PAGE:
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Wales go to Dublin on Saturday to face Ireland in round two of the Six Nations and the second meaningful match for their new coach, Wayne Pivac. He’s made a decent start, but Geraint Powell assesses the extent to which one coach can leave his imprint and how long it might take.
The Wayne Pivac era began in earnest on Saturday, with a comfortable home 42-0 shut out of a poor Italian side that can no longer even has a customary rearguard action from Sergio Parisse.
Yes, there was a match against the Barbarians in November, but such a match is usually a far cry from tournament Test rugby and, if truth be told, it was more of a send-off for Warren Gatland after his 12 years and three World Cup cycles at the helm of the Welsh national side.
Pivac became the fourth New Zealander to coach Wales after Gatland, Graham Henry and Steve Hansen. His route to the Welsh job has been rather different to his predecessors, neither spending nearly the entirety of his coaching career in the northern hemisphere (like Gatland) or stepping off the plane and straight into the Welsh national coaching set-up (like Henry and Hansen).
For whatever reason, and despite his domestic provincial coaching success with Auckland, Pivac was never given the top job at the cross-border Blues regional franchise based in Auckland. That might have been no bad thing, given their colourful off-field politics in keeping with their Welsh regional namesake and their on-field decline since the days of Henry coaching them.
Still, a few eyebrows were raised, as an ex-coach of the Fiji national side, when he turned up in West Wales in 2014 as a mere assistant coach at the Scarlets region (he was soon bumped up to head coach role with the quick departure of Simon Easterby to the Irish national coaching set-up).
The upside of this is that, unlike his Kiwi predecessors, he comes to the Welsh head coach role with an intimate playing knowledge of the domestic player pool. Henry, in contrast, had to initially rely upon others, and it became obvious during the 1999 Five Nations that he did not agree with some of the initial selection advice received.
The downside is that he became the first Kiwi head coach already associated with a domestic non-Test team, an association that is always a mixed blessing in tribal top flight Welsh club and nowadays regional rugby.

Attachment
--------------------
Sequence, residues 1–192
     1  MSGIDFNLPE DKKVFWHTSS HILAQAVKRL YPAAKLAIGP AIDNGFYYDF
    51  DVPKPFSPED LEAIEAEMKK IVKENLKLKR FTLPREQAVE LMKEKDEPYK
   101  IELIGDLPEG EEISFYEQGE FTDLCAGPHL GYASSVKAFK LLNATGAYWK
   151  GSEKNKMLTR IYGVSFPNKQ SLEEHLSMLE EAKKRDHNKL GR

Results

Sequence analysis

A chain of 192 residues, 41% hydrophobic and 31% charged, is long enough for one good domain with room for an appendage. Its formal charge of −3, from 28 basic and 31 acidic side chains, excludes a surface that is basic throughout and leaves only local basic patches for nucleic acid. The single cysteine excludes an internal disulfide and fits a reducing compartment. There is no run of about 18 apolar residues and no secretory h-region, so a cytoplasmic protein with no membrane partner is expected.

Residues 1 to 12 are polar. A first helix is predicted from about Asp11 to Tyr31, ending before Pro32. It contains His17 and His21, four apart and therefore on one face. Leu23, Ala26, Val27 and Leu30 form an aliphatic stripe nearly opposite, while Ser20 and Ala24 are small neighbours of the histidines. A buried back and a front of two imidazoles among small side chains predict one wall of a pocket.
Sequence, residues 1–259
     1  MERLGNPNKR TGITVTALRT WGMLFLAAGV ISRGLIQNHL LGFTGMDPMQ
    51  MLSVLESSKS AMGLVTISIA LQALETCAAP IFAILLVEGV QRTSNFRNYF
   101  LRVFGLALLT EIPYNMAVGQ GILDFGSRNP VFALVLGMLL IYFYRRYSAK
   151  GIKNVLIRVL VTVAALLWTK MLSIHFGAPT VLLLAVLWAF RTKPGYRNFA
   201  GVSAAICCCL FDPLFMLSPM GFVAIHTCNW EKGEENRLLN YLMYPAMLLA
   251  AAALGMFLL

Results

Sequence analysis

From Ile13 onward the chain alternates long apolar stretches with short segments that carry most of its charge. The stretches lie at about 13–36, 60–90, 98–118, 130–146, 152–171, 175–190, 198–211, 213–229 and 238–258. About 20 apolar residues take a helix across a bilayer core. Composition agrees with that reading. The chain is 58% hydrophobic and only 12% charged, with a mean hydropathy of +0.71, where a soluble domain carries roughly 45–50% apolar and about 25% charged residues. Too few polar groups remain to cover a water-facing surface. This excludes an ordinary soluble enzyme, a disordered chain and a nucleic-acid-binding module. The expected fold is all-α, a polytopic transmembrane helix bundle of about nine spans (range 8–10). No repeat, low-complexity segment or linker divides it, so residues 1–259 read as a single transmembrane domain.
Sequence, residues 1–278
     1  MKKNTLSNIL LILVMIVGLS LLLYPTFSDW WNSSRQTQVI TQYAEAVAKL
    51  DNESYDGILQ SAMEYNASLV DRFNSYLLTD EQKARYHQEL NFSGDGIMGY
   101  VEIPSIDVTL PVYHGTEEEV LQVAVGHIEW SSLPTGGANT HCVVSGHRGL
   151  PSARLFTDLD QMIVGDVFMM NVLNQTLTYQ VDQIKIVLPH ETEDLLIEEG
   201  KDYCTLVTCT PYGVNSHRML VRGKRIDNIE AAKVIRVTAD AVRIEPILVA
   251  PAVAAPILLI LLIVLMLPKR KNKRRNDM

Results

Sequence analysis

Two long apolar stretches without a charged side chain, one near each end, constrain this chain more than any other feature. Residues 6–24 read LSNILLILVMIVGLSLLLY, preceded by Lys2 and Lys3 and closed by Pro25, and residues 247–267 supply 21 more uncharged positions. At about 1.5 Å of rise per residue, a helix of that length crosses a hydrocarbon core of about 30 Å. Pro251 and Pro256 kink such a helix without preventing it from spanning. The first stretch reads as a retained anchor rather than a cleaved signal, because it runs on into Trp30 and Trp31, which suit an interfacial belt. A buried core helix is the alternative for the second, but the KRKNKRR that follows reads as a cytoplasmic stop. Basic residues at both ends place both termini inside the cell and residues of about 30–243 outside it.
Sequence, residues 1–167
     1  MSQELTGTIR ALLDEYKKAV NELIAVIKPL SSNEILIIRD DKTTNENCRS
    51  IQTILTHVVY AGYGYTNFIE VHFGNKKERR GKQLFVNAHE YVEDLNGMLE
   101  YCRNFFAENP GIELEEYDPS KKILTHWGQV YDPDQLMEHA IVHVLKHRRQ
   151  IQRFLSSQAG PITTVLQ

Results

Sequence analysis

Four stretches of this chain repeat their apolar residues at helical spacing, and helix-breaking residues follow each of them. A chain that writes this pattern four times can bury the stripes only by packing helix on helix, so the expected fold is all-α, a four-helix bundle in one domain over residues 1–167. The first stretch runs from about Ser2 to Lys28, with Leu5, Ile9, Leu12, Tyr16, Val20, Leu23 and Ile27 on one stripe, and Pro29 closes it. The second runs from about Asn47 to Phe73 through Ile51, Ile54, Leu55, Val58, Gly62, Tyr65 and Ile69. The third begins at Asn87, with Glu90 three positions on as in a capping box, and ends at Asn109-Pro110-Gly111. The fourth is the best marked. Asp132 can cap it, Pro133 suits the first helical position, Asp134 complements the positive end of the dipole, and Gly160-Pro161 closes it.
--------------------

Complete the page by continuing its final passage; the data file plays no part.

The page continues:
The glee of some fans in West Wales when Mike Ruddock left, and the glee of some fans in East Wales when Gareth Jenkins was sacked, are distant but not yet forgotten memories.
The managing of expectations, certainly initially, will be a much more difficult exercise for Pivac than for his Kiwi predecessors.
Henry arrived with Wales in chaos, towards the end of the dark days of the 1990s and having shipped nearly a century of points to the Springboks in Pretoria. Hansen stepped forward following Henry’s loss of the dressing room and a heavy defeat in Dublin, with a number of key players coming towards the end of their Test careers.
Gatland arrived in the fallout from the pool stage humiliation against Fiji at the 2007 World Cup, not just losing to Fiji but having tried and spectacularly failed to beat them at their own running game. He departed 12 years and three World Cup cycles later on the back of a third Grand Slam and a second World Cup semi-final finish.
Historically, the biggest problem for Welsh rugby, the continuous loss of key players to rugby league, is but now a distant and fading memory of a bygone era – even if it took the first decade of professionalism to overcome the legacy and rebuild the player pool.
Thus far the “play in Wales to play for Wales” rule has not caused any significant player unavailability, but there is still a lack of depth in a number of positions as a result of our domestic structural failings.
The greatest challenge for Pivac will undoubtedly be in continuing the transition towards a more fluid and attack-focussed side, or “adding value” as he would see it, for that is the trajectory that the global game is moving towards in any event.